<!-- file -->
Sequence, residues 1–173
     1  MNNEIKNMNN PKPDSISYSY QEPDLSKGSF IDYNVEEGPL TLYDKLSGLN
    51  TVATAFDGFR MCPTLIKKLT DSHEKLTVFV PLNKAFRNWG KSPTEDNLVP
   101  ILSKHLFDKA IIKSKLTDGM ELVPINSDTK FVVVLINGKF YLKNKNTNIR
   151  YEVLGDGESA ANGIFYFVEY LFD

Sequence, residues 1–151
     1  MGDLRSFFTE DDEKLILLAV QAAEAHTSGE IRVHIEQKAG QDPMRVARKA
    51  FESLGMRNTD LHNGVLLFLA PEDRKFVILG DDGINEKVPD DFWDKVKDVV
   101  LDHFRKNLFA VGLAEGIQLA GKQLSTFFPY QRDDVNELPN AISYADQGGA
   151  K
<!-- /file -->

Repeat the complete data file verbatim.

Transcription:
Sequence, residues 1–173
     1  MNNEIKNMNN PKPDSISYSY QEPDLSKGSF IDYNVEEGPL TLYDKLSGLN
    51  TVATAFDGFR MCPTLIKKLT DSHEKLTVFV PLNKAFRNWG KSPTEDNLVP
   101  ILSKHLFDKA IIKSKLTDGM ELVPINSDTK FVVVLINGKF YLKNKNTNIR
   151  YEVLGDGESA ANGIFYFVEY LFD

Sequence, residues 1–151
     1  MGDLRSFFTE DDEKLILLAV QAAEAHTSGE IRVHIEQKAG QDPMRVARKA
    51  FESLGMRNTD LHNGVLLFLA PEDRKFVILG DDGINEKVPD DFWDKVKDVV
   101  LDHFRKNLFA VGLAEGIQLA GKQLSTFFPY QRDDVNELPN AISYADQGGA
   151  K